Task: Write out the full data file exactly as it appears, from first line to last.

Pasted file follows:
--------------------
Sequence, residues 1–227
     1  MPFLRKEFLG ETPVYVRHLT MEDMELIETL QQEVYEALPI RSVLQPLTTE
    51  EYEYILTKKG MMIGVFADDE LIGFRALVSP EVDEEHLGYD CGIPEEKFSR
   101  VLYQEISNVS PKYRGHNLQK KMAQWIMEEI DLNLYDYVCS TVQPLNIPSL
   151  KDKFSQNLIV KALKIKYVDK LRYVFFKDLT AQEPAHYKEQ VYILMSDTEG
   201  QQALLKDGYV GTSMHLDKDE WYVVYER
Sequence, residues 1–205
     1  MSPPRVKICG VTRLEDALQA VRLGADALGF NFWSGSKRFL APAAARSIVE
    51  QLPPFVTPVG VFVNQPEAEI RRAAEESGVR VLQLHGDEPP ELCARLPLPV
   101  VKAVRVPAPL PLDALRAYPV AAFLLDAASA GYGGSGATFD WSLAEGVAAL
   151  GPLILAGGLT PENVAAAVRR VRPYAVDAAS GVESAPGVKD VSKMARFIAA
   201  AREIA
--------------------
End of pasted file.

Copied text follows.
Sequence, residues 1–227
     1  MPFLRKEFLG ETPVYVRHLT MEDMELIETL QQEVYEALPI RSVLQPLTTE
    51  EYEYILTKKG MMIGVFADDE LIGFRALVSP EVDEEHLGYD CGIPEEKFSR
   101  VLYQEISNVS PKYRGHNLQK KMAQWIMEEI DLNLYDYVCS TVQPLNIPSL
   151  KDKFSQNLIV KALKIKYVDK LRYVFFKDLT AQEPAHYKEQ VYILMSDTEG
   201  QQALLKDGYV GTSMHLDKDE WYVVYER
Sequence, residues 1–205
     1  MSPPRVKICG VTRLEDALQA VRLGADALGF NFWSGSKRFL APAAARSIVE
    51  QLPPFVTPVG VFVNQPEAEI RRAAEESGVR VLQLHGDEPP ELCARLPLPV
   101  VKAVRVPAPL PLDALRAYPV AAFLLDAASA GYGGSGATFD WSLAEGVAAL
   151  GPLILAGGLT PENVAAAVRR VRPYAVDAAS GVESAPGVKD VSKMARFIAA
   201  AREIA